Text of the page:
When delivering in the Philippines, many expatriates choose St. Lukes (http://www.stluke.com.ph/) while Makati Medical Center (http://www.makatimed.net.ph/main.php) is usually considered as a second choice.
It is important to consult with your doctor however, as he or she may recommend one hospital over another depending on your medical situation. Giving birth in a hospital also gives you the option to choose your own pediatrician and anesthesiologist.
Expats rarely consider home birth in the Philippines as it comes with risks including not being able to get to a hospital quickly because of traffic should anything go wrong. Home birth is usually only considered in areas outside of Manila and in the provinces where good medical facilities can be expensive or far from home. Many locals simply cannot afford the high standard of health care that high-end hospitals offer.
REGISTRATION OF BIRTH / NATIONALITY
In order for your child to be registered in the Philippines and for you to be able to apply for your child’s passport from your home country, you will need to apply for a birth certificate from the Philippine Statistics Authority (PSA, formerly referred to as National Statistics Office or NSO).
Some hospitals, including St. Lukes, will help with this process. They give parents the forms to complete, and the forms are then sent to the local City Hall for registration (the hospital needs about a week to process the papers). The birth certificate will be mailed to the family two to three weeks after the child was born. The process is simple and easy, but not all hospitals will help with the process.
If you want more than one copy of the birth certificate, you have to order on your own online, which is simple (link: https://nsohelpline.ph/). It should only take three business days to arrive.
You should apply for your baby’s passport as soon as possible after the baby is born so that the birth date and name are registered.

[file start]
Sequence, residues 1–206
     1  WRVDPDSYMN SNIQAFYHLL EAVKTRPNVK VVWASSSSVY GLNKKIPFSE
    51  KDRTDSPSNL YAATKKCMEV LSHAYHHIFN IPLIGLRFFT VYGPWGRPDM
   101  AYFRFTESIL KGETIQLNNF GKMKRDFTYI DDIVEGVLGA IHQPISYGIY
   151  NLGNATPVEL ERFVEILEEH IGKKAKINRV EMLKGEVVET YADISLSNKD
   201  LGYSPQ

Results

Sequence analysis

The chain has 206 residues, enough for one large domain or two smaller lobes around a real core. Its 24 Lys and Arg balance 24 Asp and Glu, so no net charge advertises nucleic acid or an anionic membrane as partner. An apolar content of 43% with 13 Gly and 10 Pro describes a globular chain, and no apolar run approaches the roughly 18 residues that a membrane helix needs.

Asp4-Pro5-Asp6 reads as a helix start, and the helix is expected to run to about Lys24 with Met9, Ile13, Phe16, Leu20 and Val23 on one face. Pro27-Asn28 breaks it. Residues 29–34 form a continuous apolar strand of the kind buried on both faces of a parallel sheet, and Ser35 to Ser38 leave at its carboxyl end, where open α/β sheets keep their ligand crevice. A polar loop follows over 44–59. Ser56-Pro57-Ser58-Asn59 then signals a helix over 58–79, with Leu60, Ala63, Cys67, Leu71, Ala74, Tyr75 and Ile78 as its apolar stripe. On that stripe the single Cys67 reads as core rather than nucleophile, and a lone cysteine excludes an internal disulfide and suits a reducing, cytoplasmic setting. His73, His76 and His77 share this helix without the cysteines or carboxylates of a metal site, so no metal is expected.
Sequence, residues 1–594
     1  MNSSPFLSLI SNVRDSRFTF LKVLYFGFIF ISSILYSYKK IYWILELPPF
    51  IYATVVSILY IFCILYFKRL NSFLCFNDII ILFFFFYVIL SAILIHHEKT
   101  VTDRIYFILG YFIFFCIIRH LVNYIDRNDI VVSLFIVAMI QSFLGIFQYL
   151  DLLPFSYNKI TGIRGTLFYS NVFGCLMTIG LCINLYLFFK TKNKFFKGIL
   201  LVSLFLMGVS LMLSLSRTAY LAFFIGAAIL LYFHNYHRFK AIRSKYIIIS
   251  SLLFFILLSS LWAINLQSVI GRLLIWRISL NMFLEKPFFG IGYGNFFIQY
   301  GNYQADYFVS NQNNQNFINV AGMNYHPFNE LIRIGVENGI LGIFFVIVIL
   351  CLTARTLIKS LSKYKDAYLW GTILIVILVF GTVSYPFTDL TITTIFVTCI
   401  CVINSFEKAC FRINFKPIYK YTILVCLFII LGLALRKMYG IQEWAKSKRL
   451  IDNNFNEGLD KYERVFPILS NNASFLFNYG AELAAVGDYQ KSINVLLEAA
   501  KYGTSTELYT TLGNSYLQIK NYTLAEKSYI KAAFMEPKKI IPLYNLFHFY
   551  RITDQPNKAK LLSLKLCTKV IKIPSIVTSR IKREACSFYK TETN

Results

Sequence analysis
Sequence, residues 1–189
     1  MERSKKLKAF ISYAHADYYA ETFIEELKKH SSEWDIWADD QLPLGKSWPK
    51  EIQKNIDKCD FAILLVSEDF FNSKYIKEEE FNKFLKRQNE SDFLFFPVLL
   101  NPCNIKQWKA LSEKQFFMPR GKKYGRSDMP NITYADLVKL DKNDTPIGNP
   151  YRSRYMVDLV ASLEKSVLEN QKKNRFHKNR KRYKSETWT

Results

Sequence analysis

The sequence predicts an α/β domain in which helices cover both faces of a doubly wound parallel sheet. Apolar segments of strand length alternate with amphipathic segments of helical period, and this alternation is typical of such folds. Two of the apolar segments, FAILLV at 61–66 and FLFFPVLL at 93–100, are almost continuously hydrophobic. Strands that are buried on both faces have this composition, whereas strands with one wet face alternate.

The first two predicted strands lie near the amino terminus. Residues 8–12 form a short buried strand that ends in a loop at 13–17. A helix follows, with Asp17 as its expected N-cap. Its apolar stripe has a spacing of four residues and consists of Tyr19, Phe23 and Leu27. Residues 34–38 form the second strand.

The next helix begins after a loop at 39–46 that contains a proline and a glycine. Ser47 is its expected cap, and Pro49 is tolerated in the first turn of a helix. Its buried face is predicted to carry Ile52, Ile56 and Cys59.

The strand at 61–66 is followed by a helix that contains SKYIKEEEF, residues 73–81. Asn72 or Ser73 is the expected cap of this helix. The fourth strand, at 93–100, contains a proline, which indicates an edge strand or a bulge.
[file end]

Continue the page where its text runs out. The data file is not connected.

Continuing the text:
It is important to understand every detail and have all documents in order for the passport application many weeks before birth. Not being fully prepared or understanding all the requirements can result in weeks or months of delay processing and receiving a passport. Your child will not be able to leave the Philippines until he or she receives a passport.
It is also very important to check your embassy’s website for details on the process as it will be different for each country, and requirements may have recently changed. For example, currently, the US Embassy only accepts mail-in applications. If your application is not complete, you will need to begin the entire process again.
Philippine Nationality Law
If a child is born in the Philippines to foreign parents, they are not automatically a Filipino citizen. You can only become a legal citizen of the Philippines if your parent is a citizen or national of the Republic of the Philippines, or by naturalization.
The Philippine nationality law is based upon the principles of jus sanguinis (Latin: the right of blood) and therefore descent from a parent who is a citizen or national of the Republic of the Philippines is the primary method of acquiring Philippine citizenship. This is contrasted with the legal principle of jus soli where being born on the soil of a country, even to foreign parents, grants one citizenship (such as in the United States).
You can also become a citizen of the Philippines by naturalization but you would need to meet specified qualifications.
Bureau of Immigration Policy on Foreign Nationals Born in the Phils: http://www.immigration.gov.ph/89-august-2014-press-releases/667-bi-clarifies-policy-on-foreign-nationals-born-in-the-philippines
Last update: 12 March 2020